With much help from Tom Land:
Davis Creek is a local creek for Tuscaloosa boaters and is also quite close to west Birmingham. It is generally runnable after rain in winter and early spring. It is mainly too low and lots of snakes in the summer. Width, water levels and drainage are similar to Hurricane Creek in Tuscaloosa. The guage is hand painted on the old, no longer used, Hannah Creek Rd bridge. It faces downstream on two river right supports.
Each creek is unique in its own way. Davis' claim to fame is coal mines. It resides smack in the middle of a major coal mine zone. The countryside has been stripped, and it is a bit desolate in some areas. The creek is surprisingly clear though, the strip mining ended some decades ago. Now the mines are subsurface. The coal seams are heavy with methane, so air pumps dot the landscape. These produce noise and sulfur gas, which is a bit stinky.
Sections I and II are low gradient class I. The scenery is nice but section two has a lot of abandoned tires. Section II features constant aggravating sound from the large mine ventilator fans. This made Tom never want to run it again.
Mark D' had lined up an exploratory trip to Davis Creek and scheduled it for early January but the rains just didn't cooperate. When I asked Mark where Davis Creek was located he just replied that it was somewhere near Tuscaloosa; a quick look at the Gazetteer didn't reveal its location until Mark gave me a little more detailed information. Actually, Davis Creek is located not too far west of Bessemer, an industrial suburb of Birmingham. After leaving the Interstate 59 the scenery dramatically changed as we entered the rugged coal mining hillsides of central Alabama. Rugged is probably an understatement, especially at the former strip mine sites that have yet to be reclaimed. I believe that 99% of all the land in this area is owned by either the Drummond or Jim Walter coal mining empires.
Our small group, Mark D', Dale Culpepper, Dave Curry, Kay and I, ran a rapid shuttle because we already knew that we had to put in over twelve miles of paddling on a cloudy winter day to finish before dark. The shuttle directions that Mark had obtained from a Tuscaloosa acquaintance proved to be extremely accurate and we were on the water shortly before 11 a.m. Mark seemed extremely pleased to have a "coal slide" seal entry point at the put-in.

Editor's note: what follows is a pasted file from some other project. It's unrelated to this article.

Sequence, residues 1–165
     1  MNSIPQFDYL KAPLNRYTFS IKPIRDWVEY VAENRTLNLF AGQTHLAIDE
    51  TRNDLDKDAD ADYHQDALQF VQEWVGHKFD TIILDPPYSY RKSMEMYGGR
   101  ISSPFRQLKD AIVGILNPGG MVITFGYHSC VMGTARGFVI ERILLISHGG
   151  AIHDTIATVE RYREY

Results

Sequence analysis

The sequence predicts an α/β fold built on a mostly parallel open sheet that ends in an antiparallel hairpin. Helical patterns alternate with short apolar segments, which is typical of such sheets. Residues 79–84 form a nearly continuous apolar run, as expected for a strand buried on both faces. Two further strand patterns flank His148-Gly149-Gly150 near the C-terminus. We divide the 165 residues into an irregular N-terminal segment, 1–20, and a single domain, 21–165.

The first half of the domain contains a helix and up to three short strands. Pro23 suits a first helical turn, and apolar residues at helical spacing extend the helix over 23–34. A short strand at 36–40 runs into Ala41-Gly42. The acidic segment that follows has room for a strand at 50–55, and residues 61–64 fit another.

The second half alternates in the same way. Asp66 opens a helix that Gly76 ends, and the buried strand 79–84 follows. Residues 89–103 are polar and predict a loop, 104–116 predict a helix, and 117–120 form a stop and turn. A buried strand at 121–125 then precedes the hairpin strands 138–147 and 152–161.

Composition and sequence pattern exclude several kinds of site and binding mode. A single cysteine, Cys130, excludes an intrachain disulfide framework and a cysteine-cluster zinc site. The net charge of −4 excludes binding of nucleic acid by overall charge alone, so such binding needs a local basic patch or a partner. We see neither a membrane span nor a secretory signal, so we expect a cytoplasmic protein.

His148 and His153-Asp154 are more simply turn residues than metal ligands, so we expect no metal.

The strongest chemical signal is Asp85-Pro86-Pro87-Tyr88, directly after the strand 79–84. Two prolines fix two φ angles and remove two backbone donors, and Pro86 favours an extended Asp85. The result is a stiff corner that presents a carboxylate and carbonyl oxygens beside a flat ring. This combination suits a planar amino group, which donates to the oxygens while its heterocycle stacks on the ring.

The whitewater action began immediately below the put-in and kept up for the next six miles. None of the rapids were above Class II and I really don't believe that any would exceed Class II with increased flows, excluding flood stages. Dave Curry remarked that this exploratory trip was unlike most of Mark's first runs; we didn't have to crawl through briars or drag our boats over logs in the middle of rapids. In fact, there were no log obstructions in the whitewater portion of the trip. After the first six miles, the rapids are over. At about mile 6.5 there is a three-foot high low head dam that stretches completely across the creek just above a turn to the right. We had to scrap across the dam and bang down the lower side causing some deep gouges in our new Caption. This dam could be a real troublemaker at really high water and deserves respect if you're on the creek at high levels. The remaining 6 miles of continually twisting creek consists of moving water with a few Class I shoals. We slipped under three blow-downs in this lower portion of the creek that would be trouble at elevated water levels. In this section, Davis would not be a pleasant place to portage around trees because the banks are extremely steep and slick. This lower six miles wasn't too awfully dreadful because the current moved along quite nicely.
Davis is a nice change of pace with six miles of successive Class II rapids. The paddle-out isn't too awfully dreadful. We ran it at about 2.5' on the bridge gage; I believe six inches more of water would have been even better; maybe my boat would have a few less gouges.